Disney Vows to End Junk-Food Ads on Kids Shows by 2015

In an effort to combat the childhood obesity epidemic in the United States, entertainment giant Walt Disney Co. announced Tuesday that they will stop accepting some junk-food advertisements on their children's TV programs, websites, and radio shows, Reuters reported

Related: Too harsh for TV? Anti-Childhood obesity ads anger parents

Under their new guidelines, ads for items like Capri Sun, Kraft Lunchables, candies, sodas, and sugary cereals would no longer be shown during programs aimed at kids younger than 12 on Disney XD, Disney Junior, Radio Disney, Disney.com, and during ABC stations' stretches of Saturday-morning cartoons. (The Disney Channel currently accepts promotions and sponsorships rather than traditional advertisements.) Only ads for foods that meet certain "minimum nutrition standards" will be accepted, so ads for healthier versions of those and other foods may still be shown; because of long-term contracts with their advertisers, the changes won't take effect until 2015.

Disney Chairman and CEO Bob Iger made the announcement in Washington, D.C., with first lady Michelle Obama, who has made combating childhood obesity her main mission, urging schools to offer more nutritious lunches and encouraging children to exercise with her "Let's Move!" campaign.

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"This new initiative is truly a game changer for the health of our children," the first lady said. "With this new initiative, Disney is doing what no major media company has ever done before in the US - and what I hope every company will do going forward. When it comes to the ads they show and the food they sell, they are asking themselves one simple question: 'Is this good for our kids?'"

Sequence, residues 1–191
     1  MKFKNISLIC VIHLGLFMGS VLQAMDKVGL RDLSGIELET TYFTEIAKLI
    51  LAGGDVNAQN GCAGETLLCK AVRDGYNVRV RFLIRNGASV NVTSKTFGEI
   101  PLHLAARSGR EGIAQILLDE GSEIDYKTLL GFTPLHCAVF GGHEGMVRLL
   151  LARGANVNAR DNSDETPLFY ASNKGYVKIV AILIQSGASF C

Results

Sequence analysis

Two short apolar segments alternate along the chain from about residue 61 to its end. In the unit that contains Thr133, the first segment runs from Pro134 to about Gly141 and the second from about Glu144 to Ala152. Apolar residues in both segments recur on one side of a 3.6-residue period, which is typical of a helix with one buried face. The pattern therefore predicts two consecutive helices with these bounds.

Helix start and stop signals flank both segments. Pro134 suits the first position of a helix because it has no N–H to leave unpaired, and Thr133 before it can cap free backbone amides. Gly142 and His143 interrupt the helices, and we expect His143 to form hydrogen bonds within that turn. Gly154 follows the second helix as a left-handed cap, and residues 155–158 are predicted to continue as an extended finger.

Disney's nutrition decision doesn't end with advertisements. On Tuesday, they also promised to reduce the amount of sodium in kids' meals served at their theme parks by 25 percent, and to create a flight of public service announcements promoting exercise and healthy eating.

Disney will also introduce "Mickey Check," a special mouse-eared logo and slogan ("Good For You -- Fun Too!") that grocery stores can use to indicate that Disney-licensed products meet certain guidelines for calories, fat, sodium, and sugar content. "Mickey Check" will also appear on qualified recipes on Disney.com and Family.com, and on menus and products at Disney theme parks, by the end of this year. In 2006, the company voluntarily decided not to allow Disney characters -- including the ubiquitous Mickey Mouse -- to appear on certain types of foods and snacks; now, those familiar cartoon faces are associated with fruits and vegetables instead of Pop Tarts and fast food meals.

"We're proud of the impact we've had over the last six years," Iger said. "We've taken steps across our company to support better choices for families, and now we're taking the next important step forward by setting new food advertising standards for kids. The emotional connection kids have to our characters and stories gives us a unique opportunity to continue to inspire and encourage them to lead healthier lives."

Disney's new food standards, developed with input from child health and wellness experts, are based on the federal government's Dietary Guidelines for Americans and the Federal Trade Commission's proposed guidelines for food marketing to children, The New York Times reported. Their announcement comes just after New York Mayor Michael Bloomberg's decision to ban large servings of sodas and other sugary drinks served in most restaurants, delis, theaters, and food cards in the city. The New York ban would affect servings larger than 16 ounces -- which, for the record, is the same size as a "small" soda at McDonald's and less than half the size of a typical 40-ounce Super Big Gulp at 7-Eleven stores.

While solving the childhood obesity problem is paramount, Iger is candid about the fact that Disney's move isn't just about kids and nutrition.

"This is not altruistic," he told the New York Times. "This is about smart business."

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